Jodi Borger

Peggy Kelly (pictured at center) attends the Ohio Renaissance Festival both alone and with her family during the course of the event.

Back in time at the Ohio Renaissance Festival

Peggy Kelly first attended the Ohio Renaissance Festival about 15 years ago.

The festival lasts eight to nine weeks, and Kelly, who is a season passholder, says she’ll typically attend six to eight times during that period. She attends often enough that she says her husband knows exactly where she’s headed if she gets up early — and that she’ll be gone for most of the day.

The Christian Children’s Home of Ohio is perfectly nestled on 163 acres of former farmland just north of Wooster.

Empowering kids to be kids

About 60 years ago, the pastor at a church in tiny Rittman, near Wooster, heard about a young person who needed a safe place to stay.

When the property was first acquired, there was a barn, a couple of outbuildings, and a farmhouse that was converted to the first foster home. Since then, five more cottages have been added to the property — each set up similarly to the original farmhouse. Cottages are separated by gender and age and can house as many as 36 residents at a time. 

“Our kids have experienced severe trauma, so one of the things that we really want them to know is it’s okay to just be a kid,” says Kevin Hewitt, CCHO’s president and CEO.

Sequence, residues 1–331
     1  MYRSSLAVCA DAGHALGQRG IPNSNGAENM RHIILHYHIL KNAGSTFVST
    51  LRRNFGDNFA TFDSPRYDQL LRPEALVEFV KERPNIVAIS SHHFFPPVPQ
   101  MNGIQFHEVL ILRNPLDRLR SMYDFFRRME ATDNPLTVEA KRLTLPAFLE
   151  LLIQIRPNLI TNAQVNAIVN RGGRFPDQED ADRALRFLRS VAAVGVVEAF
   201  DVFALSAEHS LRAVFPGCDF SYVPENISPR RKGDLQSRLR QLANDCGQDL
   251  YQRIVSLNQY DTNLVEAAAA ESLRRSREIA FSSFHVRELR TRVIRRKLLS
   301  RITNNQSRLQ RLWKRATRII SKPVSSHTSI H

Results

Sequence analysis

Giving feedback

It’s a situation nearly everyone can relate to: Your phone rings, you glance at the unfamiliar number, and you make the quick decision not to answer the call. 

“When I first started at NRECA Market Research Services, nearly 18 years ago, 100% of our surveys were being done by phone,” Sanstead says. “In the past five years or so, I feel that members are still more willing to spend time on a survey for their local electric cooperative than they would be for a political survey, but people’s behavior with phones has changed. Many people will not answer their phone if they don’t recognize the number calling them.” 

Bill Pyles taught himself the art of steel blademaking while he recuperated from surgery, and ended up as a champion on the competition series Forged in Fire, thanks to Damascus steel blades he created such as the one above.

Man of steel

Butler Rural Electric Cooperative member Bill Pyles gave himself a valuable piece of advice after a once-in-a-lifetime opportunity: “Never say never.”

“After three days of (watching them make blades), I thought, ‘I bet I can do that,’” says Bill, a self-proclaimed tech geek who works for a company in California. 

As it turned out, he was right.

Bill has a wife, Judy (who now refers to herself as a forge widow), four kids, four dogs, and two cats. He’s been a volunteer firefighter for Milford Township for 23 years and is also a part-time beekeeper. He seems to excel at anything he sets his mind to.

After he talked to his wife, he purchased his first small forge for $150. He already had everything else he needed.

Julie Hohenstein (far right) relied on the support of her family during treatment for breast cancer, but was grateful to Pink Ribbon Girls for filling in the gaps.

Pink Ribbon Girls

One in eight women will be diagnosed with breast cancer during their lifetime.

Pink Ribbon Girls serves five regions: Dayton, Cincinnati, and Columbus in Ohio; St. Louis, Missouri; and the Bay Area in California. The organization’s sights are set on expanding their reach to other regions throughout the country, to ensure that no one has to battle breast or gynecological cancers alone.